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Public Academics and the Cuba-vs-Exile Question

By Ariana Hernandez-Reguant, exile, Opinion Add comments

Celia Cruz as Lady in White. Miami, Calle Ocho, 3/25/2010. Courtesy and ©  Marta Ramos

When it comes to Cuba, few academics dare to issue opinions. We complain about the continued irrelevance of intellectuals within U.S. society and call for the need to encourage critical thinking within the university. Yet few issue informed opinions on U.S. Cuban politics.  The field is extremely polarized between those academics who refuse to publicly acknowledge the death of the revolutionary utopia and who focus their critical energy on the ill policies of the U.S. government, and those -generally de-legitimized- whose exiled agendas guide their scholarship. In between there is a silent mass, among them the anthropologists, who are uncomfortable expressing an opinion that will align them with either camp. Anthropologists study other cultures and societies yet their ultimate goal is to criticize their own and not that of others, always respectful (fearful?) of foreign sovereignties.

There are some exceptions (as in this very blog concerning U.S. Cuba  travel policies), most often among non-anthropologists, even though they sharply separate opinion from scholarship. Our colleague Ted Henken is one. He does not shy away from informing his political opinion with his academic knowledge in his blog El Yuma. Nor does Isabel Alfonso, a professor at St. Joseph’s college in New York.    She recently wrote an essay entitled “The Stains of a March” critiquing the goals behind the March 25th march that took place in Miami under the auspices of Emilio and Gloria Estefan in support of Cuba’s political prisoners. Between fifty and one hundred thousand people attended the march, and in the name of unity, the goals overshadowed the means. She analyzed the organization of the march and denounced its secondary agenda:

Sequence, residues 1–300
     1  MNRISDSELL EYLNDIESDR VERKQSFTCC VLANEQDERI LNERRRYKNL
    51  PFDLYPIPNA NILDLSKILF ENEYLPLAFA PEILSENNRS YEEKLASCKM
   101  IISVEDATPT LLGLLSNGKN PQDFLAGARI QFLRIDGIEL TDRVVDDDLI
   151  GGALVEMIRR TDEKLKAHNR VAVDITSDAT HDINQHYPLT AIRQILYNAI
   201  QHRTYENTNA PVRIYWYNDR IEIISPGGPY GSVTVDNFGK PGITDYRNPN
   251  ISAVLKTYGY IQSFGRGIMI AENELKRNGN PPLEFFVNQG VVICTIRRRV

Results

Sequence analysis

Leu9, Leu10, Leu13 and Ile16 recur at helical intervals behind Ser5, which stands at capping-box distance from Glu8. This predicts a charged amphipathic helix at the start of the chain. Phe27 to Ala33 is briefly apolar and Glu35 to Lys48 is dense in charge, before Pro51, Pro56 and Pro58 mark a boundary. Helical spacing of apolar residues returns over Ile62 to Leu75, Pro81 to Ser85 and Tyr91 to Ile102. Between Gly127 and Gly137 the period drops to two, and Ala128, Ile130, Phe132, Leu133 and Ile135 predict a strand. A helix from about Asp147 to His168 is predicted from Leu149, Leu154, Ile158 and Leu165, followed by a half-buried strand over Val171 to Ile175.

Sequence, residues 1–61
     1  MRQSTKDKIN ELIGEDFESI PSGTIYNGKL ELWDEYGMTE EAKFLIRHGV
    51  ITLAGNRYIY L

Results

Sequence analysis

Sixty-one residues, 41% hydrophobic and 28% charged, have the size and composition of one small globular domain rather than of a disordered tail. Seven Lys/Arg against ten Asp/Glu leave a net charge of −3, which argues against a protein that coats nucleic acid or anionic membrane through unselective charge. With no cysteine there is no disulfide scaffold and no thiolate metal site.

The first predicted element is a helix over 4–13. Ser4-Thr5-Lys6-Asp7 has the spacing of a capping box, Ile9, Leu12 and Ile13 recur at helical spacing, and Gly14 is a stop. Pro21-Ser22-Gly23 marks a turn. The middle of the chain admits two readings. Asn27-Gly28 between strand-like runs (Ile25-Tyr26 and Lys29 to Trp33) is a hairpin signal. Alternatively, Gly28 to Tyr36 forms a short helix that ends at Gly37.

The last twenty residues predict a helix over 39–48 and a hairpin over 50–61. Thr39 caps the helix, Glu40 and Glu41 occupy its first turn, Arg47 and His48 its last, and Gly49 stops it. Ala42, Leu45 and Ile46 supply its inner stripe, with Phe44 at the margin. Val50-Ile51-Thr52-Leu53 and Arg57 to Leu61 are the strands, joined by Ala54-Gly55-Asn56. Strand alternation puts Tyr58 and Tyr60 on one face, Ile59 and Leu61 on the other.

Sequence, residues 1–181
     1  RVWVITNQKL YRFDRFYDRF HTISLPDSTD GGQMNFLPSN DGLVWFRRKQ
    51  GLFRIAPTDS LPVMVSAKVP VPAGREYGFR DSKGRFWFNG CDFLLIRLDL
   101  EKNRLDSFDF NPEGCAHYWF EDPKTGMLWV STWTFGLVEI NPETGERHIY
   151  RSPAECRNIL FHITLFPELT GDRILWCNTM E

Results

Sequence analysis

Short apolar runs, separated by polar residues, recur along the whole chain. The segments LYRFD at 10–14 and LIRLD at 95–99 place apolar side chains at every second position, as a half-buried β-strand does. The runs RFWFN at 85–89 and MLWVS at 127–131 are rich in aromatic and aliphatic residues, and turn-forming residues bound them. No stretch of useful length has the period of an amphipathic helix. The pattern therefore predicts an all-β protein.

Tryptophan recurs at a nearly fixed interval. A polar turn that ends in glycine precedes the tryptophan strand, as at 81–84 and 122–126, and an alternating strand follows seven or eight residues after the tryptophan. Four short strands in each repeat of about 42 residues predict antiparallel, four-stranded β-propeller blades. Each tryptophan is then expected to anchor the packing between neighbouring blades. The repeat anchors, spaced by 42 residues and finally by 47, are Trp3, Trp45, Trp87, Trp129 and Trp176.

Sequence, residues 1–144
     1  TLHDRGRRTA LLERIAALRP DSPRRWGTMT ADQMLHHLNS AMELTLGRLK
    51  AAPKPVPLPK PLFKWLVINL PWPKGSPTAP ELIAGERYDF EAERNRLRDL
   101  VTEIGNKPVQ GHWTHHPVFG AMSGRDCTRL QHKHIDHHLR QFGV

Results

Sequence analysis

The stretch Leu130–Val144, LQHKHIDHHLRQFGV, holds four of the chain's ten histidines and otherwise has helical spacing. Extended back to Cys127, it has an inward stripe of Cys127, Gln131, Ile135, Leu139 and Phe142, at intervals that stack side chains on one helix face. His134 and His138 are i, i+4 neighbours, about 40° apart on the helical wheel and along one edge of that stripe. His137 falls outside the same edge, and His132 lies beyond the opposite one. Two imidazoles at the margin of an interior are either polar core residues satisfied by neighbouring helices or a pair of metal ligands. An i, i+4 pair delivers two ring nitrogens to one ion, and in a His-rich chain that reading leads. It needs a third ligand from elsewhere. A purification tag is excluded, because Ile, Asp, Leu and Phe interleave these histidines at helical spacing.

“As a symbolic gesture, far from facilitating the hatching of a mature exile, able to tell apart lights from shadows, the march inscribes us once again in a history of accomplice silences before acts of violence that surpass the abuse against the Damas, such as the terrorist acts committed by Posada Carriles or the fifty-year long embargo against the island. Politically, the balance results in manipulation on both sides.  Washington lobbyists might use the march to create momentum and freeze the dialogue. Less travel, fewer academic exchanges, fewer points of negotiation….”

The essay was picked up by two very different web publications: the exile journal Encuentro en la Red (based in Madrid), and the official page of Cuba’s Union of Artists and Writers (UNEAC). Because this collusion between two normally ideologically-opposed forums is unprecedented, the essay deserves careful reading.  You can choose where to read it in its entirety, according to your own preference:

“Las Manchas de una Marcha”, Cuba Encuentro, March 31, 2010

“Las Manchas de una Marcha”. UNEAC webpage, April 2, 2010

For background, you can watch this short report on the march by The Miami Herald:

5 Responses to “Public Academics and the Cuba-vs-Exile Question”

  1. Isabel Alfonso Says:

    Thanks Ariana for this post. I just wanted to add that great scholars such as Arturo Lopez-Levy have been challenging this position of “academic-non commitment” even from before. This article that I share here is a good example:
    http://www.cubaencuentro.com/es/opinion/articulos/a-tantas-historias-tantas-preguntas-233529

  2. YoYi Pérez. Says:

    Serendipitous opportunity has presented itself which I intend to use for further enlightening. Having said that, and in light of the evolution currently being witnessed, it is imperative that innovative concepts are developed to assist us all in the identification and understanding of current and future societal trends to which the science of Anthropology and Ethnology are the logical fitting. The latter is of the utmost importance considering the monumental task that our generation is presented with, from drafting a new judicial code, to amending prior constitutions. I’m totally fascinated by the demeanor of the discussion and wish to read further about the subject at hand from both perspectives. Thank you.

  3. M.I. Says:

    Hola Ariana:

    I agree with this statement very much:
    “When it comes to Cuba, few academics dare to issue opinions. We complain about the continued irrelevance of intellectuals within U.S. society and call for the
    need to encourage critical thinking within the university. Yet few issue informed opinions on U.S. Cuban politics…”

    But scholars who step out of line will either be barred from return to Cuba or lose jobs in USA, so most just avoid it altogether, as do intellectuals within Cuba.

  4. ariana Says:

    You are absolutely right. And we should begin to te denounce that.

    In the US, the risk is not so much to lose jobs as to not get them to begin with. But more often, it means to be marginalized from academic networks, publications and conferences, etc.

  5. Isabel Alfonso Says:

    I agree. I wish those who have accused me of “flirting” with the allegedly left-oriented American academia read these comments.

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